Discovery of Thermostable, Fluorescently Responsive Glucose Biosensors by Structure-Assisted Function Extrapolation.

Journal Article (Journal Article)

Accurate assignment of protein function from sequence remains a fascinating and difficult challenge. The periplasmic-binding protein (PBP) superfamily present an interesting case of function prediction because they are both ubiquitous in prokaryotes and tend to diversify through gene duplication "explosions" that can lead to large numbers of paralogs in a genome. An engineered version of the moderately thermostable glucose-binding PBP from Escherichia coli has been used successfully as a reagentless fluorescent biosensor both in vitro and in vivo. To develop more robust sensors that meet the challenges of real-world applications, we report the discovery of thermostable homologues that retain a glucose-mediated conformationally coupled fluorescence response. Accurately identifying a glucose-binding PBP homologue among closely related paralogs is challenging. We demonstrate that a structure-based method that filters sequences by residues that bind glucose in an archetype structure is highly effective. Using fully sequenced bacterial genomes, we found that this filter reduced high paralog numbers to single hits in a genome, consistent with the accurate separation of glucose binding from other functions. We expressed engineered proteins for eight homologues, chosen to represent different degrees of sequence identity, and tested their glucose-mediated fluorescence responses. We accurately predicted the presence of glucose binding down to 31% sequence identity. We have also successfully identified suitable candidates for next-generation robust, fluorescent glucose sensors.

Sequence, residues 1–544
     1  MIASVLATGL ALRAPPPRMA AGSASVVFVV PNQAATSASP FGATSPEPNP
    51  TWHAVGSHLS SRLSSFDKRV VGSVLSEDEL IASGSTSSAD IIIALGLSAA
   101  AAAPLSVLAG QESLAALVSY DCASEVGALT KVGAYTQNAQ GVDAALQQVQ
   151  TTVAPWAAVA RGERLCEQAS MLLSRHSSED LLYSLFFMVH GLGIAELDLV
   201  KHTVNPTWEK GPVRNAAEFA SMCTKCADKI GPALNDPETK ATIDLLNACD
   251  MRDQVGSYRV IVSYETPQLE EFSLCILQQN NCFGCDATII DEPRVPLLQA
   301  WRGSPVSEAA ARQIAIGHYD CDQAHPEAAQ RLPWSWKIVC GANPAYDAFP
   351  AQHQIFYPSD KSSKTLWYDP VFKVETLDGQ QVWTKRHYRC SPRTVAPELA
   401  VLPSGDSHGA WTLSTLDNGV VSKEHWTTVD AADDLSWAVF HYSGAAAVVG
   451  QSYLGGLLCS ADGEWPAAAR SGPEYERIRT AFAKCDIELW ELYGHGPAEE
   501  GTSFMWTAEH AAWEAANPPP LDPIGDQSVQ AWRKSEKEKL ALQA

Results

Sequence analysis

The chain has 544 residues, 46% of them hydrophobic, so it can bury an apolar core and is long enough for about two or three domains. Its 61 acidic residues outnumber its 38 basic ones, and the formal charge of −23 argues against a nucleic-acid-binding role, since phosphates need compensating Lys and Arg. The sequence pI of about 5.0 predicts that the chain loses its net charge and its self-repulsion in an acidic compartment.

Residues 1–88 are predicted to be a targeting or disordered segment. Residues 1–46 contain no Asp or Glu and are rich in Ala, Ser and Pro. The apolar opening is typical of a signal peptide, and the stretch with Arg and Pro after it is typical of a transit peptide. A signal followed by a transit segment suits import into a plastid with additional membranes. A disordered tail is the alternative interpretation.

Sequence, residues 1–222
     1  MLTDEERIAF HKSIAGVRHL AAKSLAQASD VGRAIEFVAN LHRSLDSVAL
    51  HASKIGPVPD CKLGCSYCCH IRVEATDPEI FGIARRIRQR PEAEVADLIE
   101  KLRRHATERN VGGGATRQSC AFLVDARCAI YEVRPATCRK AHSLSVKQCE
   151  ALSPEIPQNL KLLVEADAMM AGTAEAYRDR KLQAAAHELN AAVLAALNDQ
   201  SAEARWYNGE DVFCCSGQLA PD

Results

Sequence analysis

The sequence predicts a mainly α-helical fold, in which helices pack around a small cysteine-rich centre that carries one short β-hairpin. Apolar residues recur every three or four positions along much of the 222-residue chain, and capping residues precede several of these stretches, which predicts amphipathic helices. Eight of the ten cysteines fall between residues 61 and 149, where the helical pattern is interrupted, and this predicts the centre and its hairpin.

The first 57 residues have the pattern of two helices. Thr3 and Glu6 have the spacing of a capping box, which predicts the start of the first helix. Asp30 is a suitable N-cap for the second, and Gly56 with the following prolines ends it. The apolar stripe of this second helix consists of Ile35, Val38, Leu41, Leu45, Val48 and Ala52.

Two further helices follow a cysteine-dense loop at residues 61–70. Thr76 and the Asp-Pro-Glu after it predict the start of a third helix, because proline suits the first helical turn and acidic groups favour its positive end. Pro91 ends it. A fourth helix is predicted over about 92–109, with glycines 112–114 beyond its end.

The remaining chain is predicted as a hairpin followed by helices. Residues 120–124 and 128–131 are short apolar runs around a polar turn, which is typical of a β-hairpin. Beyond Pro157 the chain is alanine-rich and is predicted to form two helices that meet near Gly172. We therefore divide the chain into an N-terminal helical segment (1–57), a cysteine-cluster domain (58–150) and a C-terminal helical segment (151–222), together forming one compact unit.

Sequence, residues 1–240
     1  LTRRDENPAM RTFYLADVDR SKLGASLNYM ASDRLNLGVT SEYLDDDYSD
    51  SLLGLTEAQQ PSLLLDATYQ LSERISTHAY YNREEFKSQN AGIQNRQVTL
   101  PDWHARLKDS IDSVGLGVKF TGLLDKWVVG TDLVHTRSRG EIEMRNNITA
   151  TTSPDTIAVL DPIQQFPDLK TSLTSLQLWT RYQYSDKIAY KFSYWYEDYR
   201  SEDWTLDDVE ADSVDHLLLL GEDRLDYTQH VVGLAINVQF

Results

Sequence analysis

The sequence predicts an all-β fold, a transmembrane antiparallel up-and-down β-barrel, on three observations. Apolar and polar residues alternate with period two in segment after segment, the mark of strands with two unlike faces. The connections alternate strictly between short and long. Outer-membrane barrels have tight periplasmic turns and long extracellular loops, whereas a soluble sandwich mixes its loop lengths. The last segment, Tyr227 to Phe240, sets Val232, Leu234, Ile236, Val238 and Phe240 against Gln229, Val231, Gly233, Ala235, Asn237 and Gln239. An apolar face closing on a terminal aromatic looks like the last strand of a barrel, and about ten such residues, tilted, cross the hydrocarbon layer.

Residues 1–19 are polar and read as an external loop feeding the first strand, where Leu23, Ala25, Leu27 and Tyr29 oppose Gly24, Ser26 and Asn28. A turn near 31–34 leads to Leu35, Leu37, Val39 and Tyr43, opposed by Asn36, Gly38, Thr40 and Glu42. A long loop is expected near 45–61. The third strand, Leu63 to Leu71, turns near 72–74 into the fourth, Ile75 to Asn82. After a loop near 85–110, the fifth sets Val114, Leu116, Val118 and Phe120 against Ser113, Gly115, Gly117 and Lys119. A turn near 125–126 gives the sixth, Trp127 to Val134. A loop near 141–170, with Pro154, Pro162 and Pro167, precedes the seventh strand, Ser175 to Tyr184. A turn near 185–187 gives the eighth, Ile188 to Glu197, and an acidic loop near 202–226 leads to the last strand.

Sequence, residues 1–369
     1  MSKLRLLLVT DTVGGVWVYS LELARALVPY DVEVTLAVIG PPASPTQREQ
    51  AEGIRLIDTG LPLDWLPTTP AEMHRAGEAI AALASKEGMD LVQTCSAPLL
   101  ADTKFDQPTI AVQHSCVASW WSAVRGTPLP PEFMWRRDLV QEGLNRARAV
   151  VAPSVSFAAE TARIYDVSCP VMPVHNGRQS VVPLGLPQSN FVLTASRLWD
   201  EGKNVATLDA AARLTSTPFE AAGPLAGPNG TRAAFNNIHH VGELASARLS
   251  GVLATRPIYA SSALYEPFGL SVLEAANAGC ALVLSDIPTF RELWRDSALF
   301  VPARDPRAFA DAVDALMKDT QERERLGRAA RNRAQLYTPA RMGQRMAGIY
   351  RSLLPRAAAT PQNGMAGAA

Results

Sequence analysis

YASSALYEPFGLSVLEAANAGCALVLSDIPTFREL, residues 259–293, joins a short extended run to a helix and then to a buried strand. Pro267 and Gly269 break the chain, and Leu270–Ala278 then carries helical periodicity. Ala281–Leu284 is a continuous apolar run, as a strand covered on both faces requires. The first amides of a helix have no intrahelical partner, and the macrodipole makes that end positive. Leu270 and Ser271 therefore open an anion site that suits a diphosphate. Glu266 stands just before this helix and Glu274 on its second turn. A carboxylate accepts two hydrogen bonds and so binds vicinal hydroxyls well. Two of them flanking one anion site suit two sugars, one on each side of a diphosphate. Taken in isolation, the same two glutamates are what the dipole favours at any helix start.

Full Text

Duke Authors

Cited Authors

  • Allert, MJ; Hellinga, HW

Published Date

  • February 15, 2022

Published In

Volume / Issue

  • 61 / 4

Start / End Page

  • 276 - 293

PubMed ID

  • 35084821

Electronic International Standard Serial Number (EISSN)

  • 1520-4995

Digital Object Identifier (DOI)

  • 10.1021/acs.biochem.1c00738


  • eng

Conference Location

  • United States